The new boss of British lender Barclays wants to shrink its investment bank division as he seeks to move on from rate-rigging and mis-selling scandals, he indicated in an interview published on Sunday.
Chief executive Antony Jenkins told The Sunday Times newspaper that there was "no doubt" that tough banking sector regulations would "make some activities in investment banking difficult to make an adequate return on".
He added that profits would be hit by British plans to force banks to ringfence their retail activities.
At the same time, Europe's major banks will also be forced to hold more cash as a buffer against any other financial crises, under looming Basel III rules.
"There are a number of external factors coming down the line and regulation is clearly a very powerful one," Jenkins told The Sunday Times.
In a separate interview, the new Barclays chief added that he wanted to do more "listening than talking" as he seeks to turn the group's fortunes around.
"I'm going to spend a lot of time with external shareholders. I'll be listening a lot more than I'm talking. That's an important way of operating," he told the Sunday Telegraph.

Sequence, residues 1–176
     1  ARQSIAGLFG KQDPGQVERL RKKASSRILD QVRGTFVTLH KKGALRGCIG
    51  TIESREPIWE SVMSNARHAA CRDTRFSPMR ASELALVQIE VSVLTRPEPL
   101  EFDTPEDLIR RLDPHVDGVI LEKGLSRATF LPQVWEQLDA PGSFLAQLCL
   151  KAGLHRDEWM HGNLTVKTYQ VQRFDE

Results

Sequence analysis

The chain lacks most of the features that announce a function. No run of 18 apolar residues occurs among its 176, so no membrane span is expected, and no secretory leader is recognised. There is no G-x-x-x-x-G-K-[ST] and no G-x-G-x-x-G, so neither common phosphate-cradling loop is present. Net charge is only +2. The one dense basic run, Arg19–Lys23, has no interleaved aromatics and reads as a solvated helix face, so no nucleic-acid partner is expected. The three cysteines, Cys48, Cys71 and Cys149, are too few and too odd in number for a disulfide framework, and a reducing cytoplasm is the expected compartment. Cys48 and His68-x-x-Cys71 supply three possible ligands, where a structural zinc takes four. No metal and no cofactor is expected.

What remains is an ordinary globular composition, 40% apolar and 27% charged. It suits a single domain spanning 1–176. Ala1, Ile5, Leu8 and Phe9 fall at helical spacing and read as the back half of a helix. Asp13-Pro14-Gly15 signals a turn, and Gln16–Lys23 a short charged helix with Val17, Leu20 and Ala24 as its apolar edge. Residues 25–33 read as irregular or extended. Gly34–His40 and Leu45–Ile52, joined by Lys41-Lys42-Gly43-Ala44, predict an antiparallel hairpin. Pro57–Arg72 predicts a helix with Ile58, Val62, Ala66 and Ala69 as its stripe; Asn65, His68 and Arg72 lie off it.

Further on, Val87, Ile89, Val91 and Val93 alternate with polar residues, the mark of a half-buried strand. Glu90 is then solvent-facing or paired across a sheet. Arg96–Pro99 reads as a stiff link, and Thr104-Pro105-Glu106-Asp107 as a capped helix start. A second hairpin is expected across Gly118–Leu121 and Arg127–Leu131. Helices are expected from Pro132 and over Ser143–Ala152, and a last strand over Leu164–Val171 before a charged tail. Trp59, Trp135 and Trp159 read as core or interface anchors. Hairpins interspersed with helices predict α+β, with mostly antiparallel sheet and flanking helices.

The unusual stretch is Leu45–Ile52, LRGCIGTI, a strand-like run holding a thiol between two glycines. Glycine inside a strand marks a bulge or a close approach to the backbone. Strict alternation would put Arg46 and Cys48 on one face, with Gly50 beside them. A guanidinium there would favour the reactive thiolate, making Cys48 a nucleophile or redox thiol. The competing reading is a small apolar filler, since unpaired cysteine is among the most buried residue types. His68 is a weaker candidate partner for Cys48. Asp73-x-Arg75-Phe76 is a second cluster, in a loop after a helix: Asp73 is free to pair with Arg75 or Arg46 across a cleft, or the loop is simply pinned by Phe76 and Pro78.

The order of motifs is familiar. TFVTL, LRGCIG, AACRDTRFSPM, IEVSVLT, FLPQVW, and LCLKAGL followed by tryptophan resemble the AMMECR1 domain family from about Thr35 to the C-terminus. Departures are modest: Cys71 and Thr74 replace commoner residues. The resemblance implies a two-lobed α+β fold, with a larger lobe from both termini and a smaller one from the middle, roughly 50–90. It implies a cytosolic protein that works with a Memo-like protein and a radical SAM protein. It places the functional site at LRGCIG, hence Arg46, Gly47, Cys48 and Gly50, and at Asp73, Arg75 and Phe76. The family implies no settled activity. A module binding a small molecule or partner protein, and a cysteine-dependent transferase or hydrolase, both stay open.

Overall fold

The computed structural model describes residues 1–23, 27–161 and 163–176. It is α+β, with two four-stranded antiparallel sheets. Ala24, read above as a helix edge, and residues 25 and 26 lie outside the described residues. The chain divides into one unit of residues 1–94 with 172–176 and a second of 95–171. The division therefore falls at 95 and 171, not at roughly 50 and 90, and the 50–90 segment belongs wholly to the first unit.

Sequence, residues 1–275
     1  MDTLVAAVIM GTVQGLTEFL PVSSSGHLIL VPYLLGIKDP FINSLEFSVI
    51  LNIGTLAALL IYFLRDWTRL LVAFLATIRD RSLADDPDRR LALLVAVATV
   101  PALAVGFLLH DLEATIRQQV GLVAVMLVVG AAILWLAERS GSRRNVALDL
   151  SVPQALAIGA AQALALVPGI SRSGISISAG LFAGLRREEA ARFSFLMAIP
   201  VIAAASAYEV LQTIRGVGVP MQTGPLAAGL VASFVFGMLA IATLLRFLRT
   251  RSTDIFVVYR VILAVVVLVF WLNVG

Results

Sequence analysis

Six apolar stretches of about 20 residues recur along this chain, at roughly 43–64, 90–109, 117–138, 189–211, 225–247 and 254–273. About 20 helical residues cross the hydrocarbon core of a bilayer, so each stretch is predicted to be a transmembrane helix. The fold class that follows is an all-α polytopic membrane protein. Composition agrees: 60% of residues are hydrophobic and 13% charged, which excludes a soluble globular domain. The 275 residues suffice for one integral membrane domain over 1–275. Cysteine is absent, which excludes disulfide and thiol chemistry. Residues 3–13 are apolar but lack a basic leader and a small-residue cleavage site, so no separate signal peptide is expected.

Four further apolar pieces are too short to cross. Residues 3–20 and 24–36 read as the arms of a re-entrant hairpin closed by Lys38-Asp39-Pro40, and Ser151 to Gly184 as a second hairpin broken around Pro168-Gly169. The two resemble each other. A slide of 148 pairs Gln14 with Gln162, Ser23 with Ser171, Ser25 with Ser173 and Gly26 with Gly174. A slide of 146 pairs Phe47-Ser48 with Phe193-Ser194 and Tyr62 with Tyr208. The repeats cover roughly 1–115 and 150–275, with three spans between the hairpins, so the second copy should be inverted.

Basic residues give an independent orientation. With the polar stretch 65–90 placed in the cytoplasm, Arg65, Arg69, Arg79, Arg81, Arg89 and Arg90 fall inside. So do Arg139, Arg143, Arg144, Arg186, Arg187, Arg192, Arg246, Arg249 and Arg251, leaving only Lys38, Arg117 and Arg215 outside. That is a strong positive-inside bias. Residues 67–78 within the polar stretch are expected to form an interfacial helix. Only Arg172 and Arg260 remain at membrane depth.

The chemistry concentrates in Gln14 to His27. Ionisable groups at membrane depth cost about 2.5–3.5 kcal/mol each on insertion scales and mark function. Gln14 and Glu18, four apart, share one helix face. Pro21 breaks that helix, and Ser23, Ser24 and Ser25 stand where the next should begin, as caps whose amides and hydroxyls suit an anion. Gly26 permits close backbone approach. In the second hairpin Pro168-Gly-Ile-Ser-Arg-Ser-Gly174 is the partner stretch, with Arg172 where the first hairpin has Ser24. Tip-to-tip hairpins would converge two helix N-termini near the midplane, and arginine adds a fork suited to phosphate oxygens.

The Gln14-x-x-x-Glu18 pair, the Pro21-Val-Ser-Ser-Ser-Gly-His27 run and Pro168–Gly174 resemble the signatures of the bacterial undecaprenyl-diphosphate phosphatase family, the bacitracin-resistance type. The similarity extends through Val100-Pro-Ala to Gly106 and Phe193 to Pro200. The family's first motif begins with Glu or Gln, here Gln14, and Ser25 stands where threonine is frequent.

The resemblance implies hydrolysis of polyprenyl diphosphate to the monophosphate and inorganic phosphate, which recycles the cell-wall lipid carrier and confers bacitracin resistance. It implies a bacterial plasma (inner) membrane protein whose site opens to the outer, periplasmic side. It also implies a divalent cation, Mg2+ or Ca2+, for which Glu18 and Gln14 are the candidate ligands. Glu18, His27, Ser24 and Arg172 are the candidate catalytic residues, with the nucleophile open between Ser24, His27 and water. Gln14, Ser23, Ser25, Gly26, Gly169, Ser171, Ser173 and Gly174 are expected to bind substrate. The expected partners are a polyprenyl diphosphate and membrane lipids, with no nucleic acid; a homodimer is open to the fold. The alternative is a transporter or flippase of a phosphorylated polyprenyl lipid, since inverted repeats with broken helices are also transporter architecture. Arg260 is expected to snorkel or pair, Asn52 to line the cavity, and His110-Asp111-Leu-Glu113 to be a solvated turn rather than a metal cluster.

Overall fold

"I want to hear what's on investors' minds. If they've got concerns about how we run the bank, then I would anticipate we'll change the way we do business."
Jenkins, formerly Barclays' retail and business banking boss, was appointed chief executive last Thursday with immediate effect. He replaced US national Bob Diamond who resigned in July over the notorious Libor rate-rigging scandal.
As well as the Libor case, which has cost the bank £290 million ($460 million; 366 million euros) in fines, Barclays has been involved in the payment protection insurance scandal and the mis-selling of interest rate swaps to businesses.
In another heavy blow, Barclays revealed last week that the Serious Fraud Office was probing payments made to Qatar Holding, which it tapped for funds at the height of the 2008 global financial crisis to avoid part-nationalisation.